Author: Stephen Chbosky
Release date: February 1, 1999
Publisher: MTV Books
Reading level: YA
Charlie is a freshman.
And while he's not the biggest geek in the school, he is by no means popular. Shy, introspective, intelligent beyond his years yet socially awkward, he is a wallflower, caught between trying to live his life and trying to run from it.
Charlie is attempting to navigate his way through uncharted territory: the world of first dates and mix tapes, family dramas and new friends; the world of sex, drugs, and The Rocky Horror Picture Show, when all one requires is that perfect song on that perfect drive to feel infinite. But he can't stay on the sideline forever. Standing on the fringes of life offers a unique perspective. But there comes a time to see what it looks like from the dance floor.
Once again, I feel like I am one of the last bloggers to read this book. I’ve had it on my shelf for at least two years and I just haven’t picked it up until now. I will admit that the movie is what made me read the book. I can’t see movies without reading the book so I forced myself to read this one so I can see the movie. I am so glad that I made myself read this one finally!
The Perks of Being a Wallflower is told all in letters from Charlie to an anonymous friend. To me, this style of writing did two things. It made the story quicker and easier to read (and it’s already a pretty quick book since it’s only 213 pages.) It also made the story seem more real. You never find out who the anonymous friend is and it’s almost like Charlie is just writing letters to the reader. This is one of my favorite styles of writing and I loved it in this book in particular.
The Perks of Being a Wallflower is what I would call the quintessential “issue” book. I cannot think of a single “issue” that wasn’t addressed in this book. Stephen Chbosky tackled suicide, teen pregnancy, homosexuality, drugs, alcohol, and so much more. He didn’t shy away from anything. Normally I might think that all these “issues” are too much but in this case I didn’t think that. Each “issue” was handled very truthfully and everything felt real. It didn’t seem overdone at all.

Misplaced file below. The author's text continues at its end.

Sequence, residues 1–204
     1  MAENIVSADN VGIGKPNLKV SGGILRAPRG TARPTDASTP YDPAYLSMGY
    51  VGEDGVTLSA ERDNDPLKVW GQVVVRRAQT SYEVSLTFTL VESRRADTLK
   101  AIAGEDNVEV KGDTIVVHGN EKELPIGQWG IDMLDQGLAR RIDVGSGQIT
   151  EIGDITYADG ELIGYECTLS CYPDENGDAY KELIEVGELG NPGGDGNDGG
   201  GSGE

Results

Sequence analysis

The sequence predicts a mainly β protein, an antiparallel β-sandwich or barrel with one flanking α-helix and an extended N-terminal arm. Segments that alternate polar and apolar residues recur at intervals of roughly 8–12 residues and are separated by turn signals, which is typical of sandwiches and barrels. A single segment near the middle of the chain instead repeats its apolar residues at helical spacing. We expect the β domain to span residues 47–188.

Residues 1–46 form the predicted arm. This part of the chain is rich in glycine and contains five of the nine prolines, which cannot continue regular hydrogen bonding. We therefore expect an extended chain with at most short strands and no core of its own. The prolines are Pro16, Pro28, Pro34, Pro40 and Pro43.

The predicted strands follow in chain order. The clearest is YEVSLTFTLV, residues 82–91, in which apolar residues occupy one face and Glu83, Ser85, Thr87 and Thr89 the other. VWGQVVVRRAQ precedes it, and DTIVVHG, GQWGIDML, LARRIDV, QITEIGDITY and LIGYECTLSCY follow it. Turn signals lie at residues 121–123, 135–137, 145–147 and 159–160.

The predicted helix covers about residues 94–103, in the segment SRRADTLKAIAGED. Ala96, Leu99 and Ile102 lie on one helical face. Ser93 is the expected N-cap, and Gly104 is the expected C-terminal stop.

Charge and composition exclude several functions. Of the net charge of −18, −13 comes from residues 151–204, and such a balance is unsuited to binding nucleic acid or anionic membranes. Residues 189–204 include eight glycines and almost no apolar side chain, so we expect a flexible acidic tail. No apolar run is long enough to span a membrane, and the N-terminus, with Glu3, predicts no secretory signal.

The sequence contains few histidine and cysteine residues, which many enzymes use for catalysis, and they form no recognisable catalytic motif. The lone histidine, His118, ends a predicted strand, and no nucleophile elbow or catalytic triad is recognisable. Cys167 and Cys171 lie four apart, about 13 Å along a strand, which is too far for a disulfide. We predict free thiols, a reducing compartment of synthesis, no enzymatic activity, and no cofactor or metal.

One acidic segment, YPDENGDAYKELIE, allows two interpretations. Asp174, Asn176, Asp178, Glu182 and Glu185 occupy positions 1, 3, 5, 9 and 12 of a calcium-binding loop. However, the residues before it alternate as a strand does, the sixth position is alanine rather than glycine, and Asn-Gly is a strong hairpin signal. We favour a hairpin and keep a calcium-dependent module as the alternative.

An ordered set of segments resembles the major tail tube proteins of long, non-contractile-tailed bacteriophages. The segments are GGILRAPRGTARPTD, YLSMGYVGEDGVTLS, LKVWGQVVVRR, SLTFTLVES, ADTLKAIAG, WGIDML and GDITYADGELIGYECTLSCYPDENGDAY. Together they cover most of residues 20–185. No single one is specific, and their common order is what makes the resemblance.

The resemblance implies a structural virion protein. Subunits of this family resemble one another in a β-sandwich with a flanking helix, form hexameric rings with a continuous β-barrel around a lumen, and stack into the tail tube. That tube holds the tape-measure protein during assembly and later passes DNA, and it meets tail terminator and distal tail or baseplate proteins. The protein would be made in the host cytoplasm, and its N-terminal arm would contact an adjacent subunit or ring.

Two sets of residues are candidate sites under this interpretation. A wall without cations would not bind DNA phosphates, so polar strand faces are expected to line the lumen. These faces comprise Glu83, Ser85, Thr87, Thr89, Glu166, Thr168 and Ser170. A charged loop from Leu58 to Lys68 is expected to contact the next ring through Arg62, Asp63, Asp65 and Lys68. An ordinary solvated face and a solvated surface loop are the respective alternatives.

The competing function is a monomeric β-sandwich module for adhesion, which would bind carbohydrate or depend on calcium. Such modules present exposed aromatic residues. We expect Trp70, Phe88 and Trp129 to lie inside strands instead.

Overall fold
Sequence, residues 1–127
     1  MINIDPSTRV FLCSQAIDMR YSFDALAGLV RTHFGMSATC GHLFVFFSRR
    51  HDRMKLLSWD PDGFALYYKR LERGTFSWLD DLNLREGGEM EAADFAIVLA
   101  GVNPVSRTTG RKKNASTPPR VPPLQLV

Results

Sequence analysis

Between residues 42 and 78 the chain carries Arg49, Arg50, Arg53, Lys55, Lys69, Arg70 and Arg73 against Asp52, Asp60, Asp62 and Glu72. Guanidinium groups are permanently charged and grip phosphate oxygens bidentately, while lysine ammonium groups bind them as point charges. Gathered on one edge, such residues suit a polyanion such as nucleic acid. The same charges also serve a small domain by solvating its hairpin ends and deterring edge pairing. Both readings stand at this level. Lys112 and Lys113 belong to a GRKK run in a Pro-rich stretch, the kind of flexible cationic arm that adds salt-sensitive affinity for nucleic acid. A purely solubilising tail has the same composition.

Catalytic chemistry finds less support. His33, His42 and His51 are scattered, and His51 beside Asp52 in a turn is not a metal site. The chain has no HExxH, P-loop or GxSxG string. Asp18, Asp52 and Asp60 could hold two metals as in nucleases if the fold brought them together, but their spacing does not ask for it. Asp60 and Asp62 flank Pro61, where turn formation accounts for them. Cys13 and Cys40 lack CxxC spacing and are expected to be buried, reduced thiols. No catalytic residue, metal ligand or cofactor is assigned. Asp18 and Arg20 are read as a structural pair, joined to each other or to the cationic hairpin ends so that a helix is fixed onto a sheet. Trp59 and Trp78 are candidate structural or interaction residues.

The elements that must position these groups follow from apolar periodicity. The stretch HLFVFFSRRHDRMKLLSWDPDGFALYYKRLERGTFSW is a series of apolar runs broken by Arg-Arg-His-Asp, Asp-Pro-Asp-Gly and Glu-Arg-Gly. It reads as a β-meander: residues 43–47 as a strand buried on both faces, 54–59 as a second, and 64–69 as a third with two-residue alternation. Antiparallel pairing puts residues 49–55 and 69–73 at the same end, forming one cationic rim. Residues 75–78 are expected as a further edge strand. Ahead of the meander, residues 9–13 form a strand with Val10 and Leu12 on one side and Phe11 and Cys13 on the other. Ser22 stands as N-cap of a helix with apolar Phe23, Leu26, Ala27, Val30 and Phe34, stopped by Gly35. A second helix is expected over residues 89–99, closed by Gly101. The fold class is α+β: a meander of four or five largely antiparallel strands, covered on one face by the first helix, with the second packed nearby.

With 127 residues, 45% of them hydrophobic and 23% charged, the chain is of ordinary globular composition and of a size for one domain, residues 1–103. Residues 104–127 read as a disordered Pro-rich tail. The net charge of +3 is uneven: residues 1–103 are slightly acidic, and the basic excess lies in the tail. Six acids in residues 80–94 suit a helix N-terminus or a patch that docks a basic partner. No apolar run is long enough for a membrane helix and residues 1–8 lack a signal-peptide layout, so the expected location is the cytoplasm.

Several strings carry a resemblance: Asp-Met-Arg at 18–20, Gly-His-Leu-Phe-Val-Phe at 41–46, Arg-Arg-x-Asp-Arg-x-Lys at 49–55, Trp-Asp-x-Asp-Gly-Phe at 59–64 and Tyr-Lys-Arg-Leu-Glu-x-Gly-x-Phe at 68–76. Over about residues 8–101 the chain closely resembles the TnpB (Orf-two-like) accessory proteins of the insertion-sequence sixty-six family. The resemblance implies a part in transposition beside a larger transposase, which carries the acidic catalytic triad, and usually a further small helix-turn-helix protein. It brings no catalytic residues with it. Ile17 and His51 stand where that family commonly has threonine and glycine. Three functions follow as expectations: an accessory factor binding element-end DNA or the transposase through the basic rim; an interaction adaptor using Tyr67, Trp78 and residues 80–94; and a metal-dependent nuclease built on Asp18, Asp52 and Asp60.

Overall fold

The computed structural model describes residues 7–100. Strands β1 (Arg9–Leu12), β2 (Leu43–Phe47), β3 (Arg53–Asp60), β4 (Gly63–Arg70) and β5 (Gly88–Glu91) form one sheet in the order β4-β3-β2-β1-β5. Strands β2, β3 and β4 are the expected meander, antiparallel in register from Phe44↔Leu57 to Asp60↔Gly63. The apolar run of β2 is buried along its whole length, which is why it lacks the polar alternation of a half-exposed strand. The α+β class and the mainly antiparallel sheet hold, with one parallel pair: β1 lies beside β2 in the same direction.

Charlie was such a unique main character. I loved him so much. He was a very messed up kid and I honestly couldn’t figure out what was wrong with him. I also knew that he had a secret but I never once guessed what it was. When I finally found out, it broke my heart. Everything that Charlie went through killed me. I laughed with him, I cried with him, I went through every emotion. As for his friends, they were all perfect. They brought out different sides of him and they helped him grow so much.
Overall, The Perks of Being a Wallflower definitely deserves all the praise it’s been getting. If you haven’t picked it up yet, do so now!
What others are saying about The Perks of Being a Wallflower:
Emily's Crammed Bookshelf's review: "This book didn’t absolutely blow me away, and it wasn’t my favorite, but it was enjoyable, and it had a serious undercurrent, and I can’t wait to watch the movie adaptation of it."
Wondrous Reads' review: "I never for one minute expected to like The Perks of Being a Wallfloweras much as I did, and I've since told myself off for leaving it for so long."
Little Girl with a Big Pen's spoiler-filled review: "The Perks of Being a Wallflower lost me when it detracted from my struggle, and the struggle of every young person I’ve ever known."